"Flashlights," Atticus blurted once we reached the end of the stairs.
"What?" I countered.
"We're going to need flashlights," Atticus took of, searching the cluttered basement for a flashlight. He finally found one, but it didn't have batteries. He tipped the flashlight on its other side, but it was held together with screws so we couldn't open it to replace the batteries without a screwdriver. Atticus tried prying it open with his fingers, growing frustrated.
"Atticus," I interrupted his jerking the flashlight around, reached out, placed a hand on both of his shoulders. "It's okay."
"Amelia, I'm scared," Atticus turned to face me, looking like a lost puppy. He dropped the flashlight and placed a hand on both of my hips. I knew that look on his face; it meant Atticus had his guard down. In all the years I'd known Atticus, I'd come to know this look. It was rare, it said more than he ever could, and it made him look small. Nothing else in the world made Articus look small; he was six feet tall compared to my mere 5'5", how could anything make him look small? But with that look in his eyes, Atticus was small.
"I'm scared too," I replied. I decided to be honest, as I wrapped my arms around Atticus' shoulders.
"But we'll be okay," I whispered into his ear.
"How do you know?" Atticus whispered back.
"I just have to believe."
The sirens made both of us jump, even though we probably should have expected them, given the circumstances. Neither of us said a word as the sirens screamed at us, loud and demanding. A knee-jerk reaction, I pressed a hand to my chest to feel my heart beating rapid fire. Atticus did the same. After a moment, he took my hand; he placed his hand on my heart, and my hand on his. Then Atticus surprised me by speaking.
"The last time my heart was beating this fast, we were at the Spring Formal and I was getting up the nerve to ask you to dance," he said.
"You never asked me to dance," I replied.
"But didn't I?" And then Atticus pulled me close to him, one arm wrapped around my waist and a hand in mine. I let my head fall onto his shoulder. As we swayed Atticus began to sing. I recognized immediately that it was Frank Sinatra's The Way You Look Tonight.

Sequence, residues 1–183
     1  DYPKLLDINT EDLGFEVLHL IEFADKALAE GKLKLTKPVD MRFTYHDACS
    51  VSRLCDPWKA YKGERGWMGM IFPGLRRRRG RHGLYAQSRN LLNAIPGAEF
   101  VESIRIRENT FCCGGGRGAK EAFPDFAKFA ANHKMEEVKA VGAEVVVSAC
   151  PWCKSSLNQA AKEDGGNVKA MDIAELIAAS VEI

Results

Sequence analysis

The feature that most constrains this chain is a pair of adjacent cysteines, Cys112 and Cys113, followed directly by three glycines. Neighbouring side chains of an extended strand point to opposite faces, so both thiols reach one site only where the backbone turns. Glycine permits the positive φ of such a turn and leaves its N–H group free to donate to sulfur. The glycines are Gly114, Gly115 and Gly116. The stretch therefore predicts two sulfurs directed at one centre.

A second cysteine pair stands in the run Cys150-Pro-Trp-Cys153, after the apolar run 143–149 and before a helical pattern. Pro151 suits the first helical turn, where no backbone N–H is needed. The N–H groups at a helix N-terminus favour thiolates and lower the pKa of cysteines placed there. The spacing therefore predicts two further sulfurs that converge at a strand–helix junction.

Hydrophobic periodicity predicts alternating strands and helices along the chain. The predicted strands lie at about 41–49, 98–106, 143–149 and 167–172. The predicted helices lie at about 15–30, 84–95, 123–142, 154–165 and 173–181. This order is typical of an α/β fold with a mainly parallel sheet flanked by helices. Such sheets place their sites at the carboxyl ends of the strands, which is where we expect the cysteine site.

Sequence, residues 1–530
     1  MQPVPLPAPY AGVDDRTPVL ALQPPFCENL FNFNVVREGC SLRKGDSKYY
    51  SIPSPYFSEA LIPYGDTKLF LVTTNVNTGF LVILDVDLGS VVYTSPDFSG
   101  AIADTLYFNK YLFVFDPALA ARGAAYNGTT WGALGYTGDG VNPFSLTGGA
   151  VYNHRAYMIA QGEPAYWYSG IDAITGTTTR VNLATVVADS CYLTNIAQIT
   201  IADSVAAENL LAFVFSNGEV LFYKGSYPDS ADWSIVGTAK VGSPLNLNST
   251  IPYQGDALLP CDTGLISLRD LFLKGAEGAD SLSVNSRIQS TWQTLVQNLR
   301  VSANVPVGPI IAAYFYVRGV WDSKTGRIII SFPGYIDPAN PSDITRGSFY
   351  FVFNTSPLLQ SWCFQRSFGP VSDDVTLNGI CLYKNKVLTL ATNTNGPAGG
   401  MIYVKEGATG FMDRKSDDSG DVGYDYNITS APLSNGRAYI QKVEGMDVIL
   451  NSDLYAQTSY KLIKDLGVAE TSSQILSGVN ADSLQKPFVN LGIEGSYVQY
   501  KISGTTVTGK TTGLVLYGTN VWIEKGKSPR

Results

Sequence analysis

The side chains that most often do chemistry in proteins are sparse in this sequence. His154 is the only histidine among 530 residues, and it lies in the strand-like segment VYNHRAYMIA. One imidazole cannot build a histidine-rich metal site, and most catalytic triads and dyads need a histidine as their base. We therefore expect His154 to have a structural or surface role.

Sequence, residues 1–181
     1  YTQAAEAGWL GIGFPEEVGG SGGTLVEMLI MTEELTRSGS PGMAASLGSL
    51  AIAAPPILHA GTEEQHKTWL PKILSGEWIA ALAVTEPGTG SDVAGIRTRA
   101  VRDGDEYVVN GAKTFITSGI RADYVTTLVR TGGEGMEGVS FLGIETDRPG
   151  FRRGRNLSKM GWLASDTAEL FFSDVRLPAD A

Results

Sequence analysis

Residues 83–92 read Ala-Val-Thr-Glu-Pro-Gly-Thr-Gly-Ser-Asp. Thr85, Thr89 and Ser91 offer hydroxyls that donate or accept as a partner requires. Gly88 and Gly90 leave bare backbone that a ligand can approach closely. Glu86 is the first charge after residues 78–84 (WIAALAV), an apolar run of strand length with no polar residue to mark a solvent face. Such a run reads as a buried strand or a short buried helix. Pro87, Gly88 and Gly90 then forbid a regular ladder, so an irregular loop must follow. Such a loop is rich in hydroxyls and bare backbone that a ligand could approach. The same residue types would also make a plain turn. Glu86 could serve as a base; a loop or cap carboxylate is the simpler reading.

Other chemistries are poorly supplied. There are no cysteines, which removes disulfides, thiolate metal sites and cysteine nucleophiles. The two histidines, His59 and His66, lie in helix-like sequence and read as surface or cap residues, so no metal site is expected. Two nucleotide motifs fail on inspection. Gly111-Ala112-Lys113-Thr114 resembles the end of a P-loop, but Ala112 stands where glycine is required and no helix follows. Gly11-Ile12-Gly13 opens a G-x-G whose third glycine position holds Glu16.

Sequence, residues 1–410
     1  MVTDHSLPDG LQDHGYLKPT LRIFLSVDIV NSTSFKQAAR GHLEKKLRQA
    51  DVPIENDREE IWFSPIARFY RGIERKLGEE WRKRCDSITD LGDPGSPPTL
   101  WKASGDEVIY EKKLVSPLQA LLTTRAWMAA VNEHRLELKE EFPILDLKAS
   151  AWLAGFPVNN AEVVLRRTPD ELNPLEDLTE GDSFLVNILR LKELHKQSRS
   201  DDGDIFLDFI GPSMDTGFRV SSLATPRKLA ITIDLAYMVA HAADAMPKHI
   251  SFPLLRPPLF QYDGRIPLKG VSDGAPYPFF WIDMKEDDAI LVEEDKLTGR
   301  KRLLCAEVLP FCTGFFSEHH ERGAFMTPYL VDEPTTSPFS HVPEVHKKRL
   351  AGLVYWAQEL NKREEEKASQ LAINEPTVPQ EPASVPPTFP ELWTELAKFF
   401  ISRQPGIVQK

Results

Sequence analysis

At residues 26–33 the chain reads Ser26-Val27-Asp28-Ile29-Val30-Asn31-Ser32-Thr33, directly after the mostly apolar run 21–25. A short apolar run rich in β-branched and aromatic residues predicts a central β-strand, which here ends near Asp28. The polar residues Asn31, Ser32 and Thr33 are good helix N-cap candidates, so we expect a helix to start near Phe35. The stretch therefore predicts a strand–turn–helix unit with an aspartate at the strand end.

"Someday, when I'm awfully low, when the world is cold, I will feel a glow just thinking of you and the way you look tonight." I never knew Atticus could sing. He was actually very good. For a moment, the whole world was silent to hear Atticus sing. He was interrupted by a deafeningly loud boom, but he kept going, even as the sound reverberated through my body.
"Yes, you are lovely, with your smile so warm, and your cheeks so soft, there is nothing for me but to love you and the way you look tonight." I hugged Atticus close as another boom sounded louder, closer, but he kept singing and we kept dancing.
"With each word your tenderness grows, tearing my fear apart-" Atticus flinched this time; the sound was even closer and even louder.
"And that laugh that wrinkles you nose," Atticus' voice was a little shaky now, and he stopped suddenly as we both heard a boomcrash closer than all the ones before. This one shook us and the house, rattled the neighborhood. I'd never understood the phrase "earth shattering" before, but then I understood wholly and completely. Both of us lost our footing, but we found our balance after a moment.
"Atticus," I interrupted before he could start up again. I had something important to say and I knew I didn't have very much time left to say it.
"I love you."
"I love you too, Amelia."
Boom. The war raged outside, and we danced until it reached us.